We describe a proof-of-concept study of a novel therapy for RAG2 deficiencies. Through a broad and diverse set of preclinical studies performed in vitro and in vivo in immunodeficient mice, using healthy donor and HSPCs derived from patients with RAG2nul, we have demonstrated the application of the CRISPR/Cas9-AAV6 platform in correcting HSPCs of patients with RAG2null to restore V(D)J activity in support of lymphopoiesis. For primary immunodeficiencies, such as RAG2-SCID, in which a strict spatiotemporal level of gene expression and regulation is required for normal immune development and function,3,46 a gene-correction approach has several safety and therapeutic benefits when compared with the semirandom gene addition strategy: (1) it restricts the gene activity to the lymphoid lineage and the G0-G1 cell-cycle phase [safety]; (2) it circumvents the risk of genotoxicity from ubiquitous RAG activity [safety]; (3) it allows for physiological gene expression [efficacy]; and (4) it is easily adaptable to correct other forms of RAG2 deficiencies, such as OS, AS, and CID-G/AI, for which disrupting and correcting the mutant alleles both alleviates disease burden and achieves cure. In this regard, although in this manuscript we provided pre-clinical evidence for the correction of only 1 form of RAG deficiency (ie, SCID), developing 1 gene correction platform (with CRISPR/Cas9-AAV6 inserting a full-length coRAG2 cDNA at the endogenous locus) holds the highest flexibility to achieve the full therapeutic scope for the entire spectrum of RAG2-deficiency phenotypes.

Although a phase 1 to 2 LV gene therapy clinical trial is underway for infants with RAG1-SCID47 (closely but genetically distinct from RAG2-SCID), and the safety and efficacy of delivering the RAG1 nuclease in HSPCs are being tested (NCT04797260); no alternative therapies, other than allo-hematopoietic stem cell transplantation (HSCT), are currently available for patients with RAG2 deficiencies. To our knowledge, we report the first feasibility study of gene correction at the RAG2 locus in human HSPCs derived from healthy donors and patients with RAG2null to assess the safety and efficacy of this strategy. Allo-HSCT for patients with RAG1/2-deficiency shows clinical improvement if a minimum of 20% donor chimerism is achieved,12 an allele correction threshold we have achieved and surpassed. We demonstrated that coRAG2-HSPCs can support durable hematopoiesis (18-20 weeks in immunodeficient mice), with only a twofold decrease in the engraftment potential of corrected cells of patients with RAG2null. A heightened sensitivity to the non–good manufacturing process grade purified virus could explain this decrease, an observation confirmed by the colony-forming unit assay, or a reduced regenerative potential of patients' cells. In support of the latter, we show that the unmodified RAG2null HSPCs have a 4.5-fold lower engraftment capacity than healthy donor HSPCs controls. Alternatively, in the absence of RAG2 expression, patient cells with lower DNA repair capacity are not selected against, resulting in an overall decrease in the fitness of hematopoietic progenitor cells, necessary for supporting HSCs engraftment after conditioning.45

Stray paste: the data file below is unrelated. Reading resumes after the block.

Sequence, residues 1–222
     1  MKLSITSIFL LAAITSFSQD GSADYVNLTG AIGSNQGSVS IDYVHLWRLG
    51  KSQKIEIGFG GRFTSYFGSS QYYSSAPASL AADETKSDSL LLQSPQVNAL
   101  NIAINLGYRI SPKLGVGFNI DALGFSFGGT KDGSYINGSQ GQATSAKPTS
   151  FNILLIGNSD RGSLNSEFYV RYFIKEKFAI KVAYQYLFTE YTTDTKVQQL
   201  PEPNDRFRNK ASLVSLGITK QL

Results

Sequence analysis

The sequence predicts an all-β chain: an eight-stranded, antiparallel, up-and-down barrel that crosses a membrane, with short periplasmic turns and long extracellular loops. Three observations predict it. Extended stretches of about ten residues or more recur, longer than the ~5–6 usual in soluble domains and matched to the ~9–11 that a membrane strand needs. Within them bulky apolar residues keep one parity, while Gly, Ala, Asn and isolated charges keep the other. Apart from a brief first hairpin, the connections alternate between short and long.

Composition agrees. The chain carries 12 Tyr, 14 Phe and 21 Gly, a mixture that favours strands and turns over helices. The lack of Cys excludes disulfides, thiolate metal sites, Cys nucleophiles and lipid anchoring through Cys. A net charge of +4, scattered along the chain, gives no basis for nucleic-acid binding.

We demonstrated in vivo rescue of peripheral T- and B-cell compartments, as demonstrated in the spleen and BM of mice transplanted with HR-GTed RAG2null HSPCs. These data are consistent with the notion that the correction of RAG2 deficiency is expected to provide a selective advantage during T-cell development, allowing the generation of spleen CD4+ and CD8+ thymocytes. Correction of the peripheral T cells was especially evident when a higher cell dose was transplanted into mice. It is possible that with lower dose cells, fewer corrected early thymic progenitors survive the mouse thymic selection in support of lymphopoiesis. Delivering a higher dose of corrected cells could compensate for this limitation. We show that the early thymic progenitors that survived the thymic selection develop into mature spleen CD4+ and CD8+ T lymphocytes expressing αβ and γδ TCRs that can propagate developmental signals, supporting single-positive CD4+ and CD8+ T cells. The receptors derived from the gene-targeted condition and healthy controls had comparable rearrangement patterns at the TRA/TRD locus with similar TRAV and TRAJ gene usage. This supports previous findings, in which we demonstrated a polyclonal TCR repertoire in T cells derived in vitro from gene-corrected RAG2null-induced pluripotent stem cells.33 It is reasonable to assume that of the gene-corrected and transplanted HSPCs clones, only a limited number repopulated the mouse thymus, thus restricting the number of stem cells that can contribute to T-cell lineage development. This is supported by a recent study that used LV cellular barcoding and purified human BM- or CB-derived HSPCs transplanted into NSG mice, <10 HSC clones contributed to the repopulation of the mouse thymus microenvironment.48 Although the study further showed that even with a limited clonal contribution to the T-cell lineage, a diverse and polyclonal TCR repertoire can be generated,48 we reason that the fresh CB- or BM-derived HSPCs used in their study holds greater lymphoid potential than the frozen healthy PB– or patient-derived HSPCs used in this study.

The limited absolute numbers of genome-edited derived lymphoid cells recovered from transplanted mice reflect the limitation of the xenograft model and precluded us from performing functional assays to test T- and B-cell immune responses. Nonetheless, we demonstrated that gene editing of RAG2null HSPCs rescued the generation of T and B cells and TCR and BCR diversity.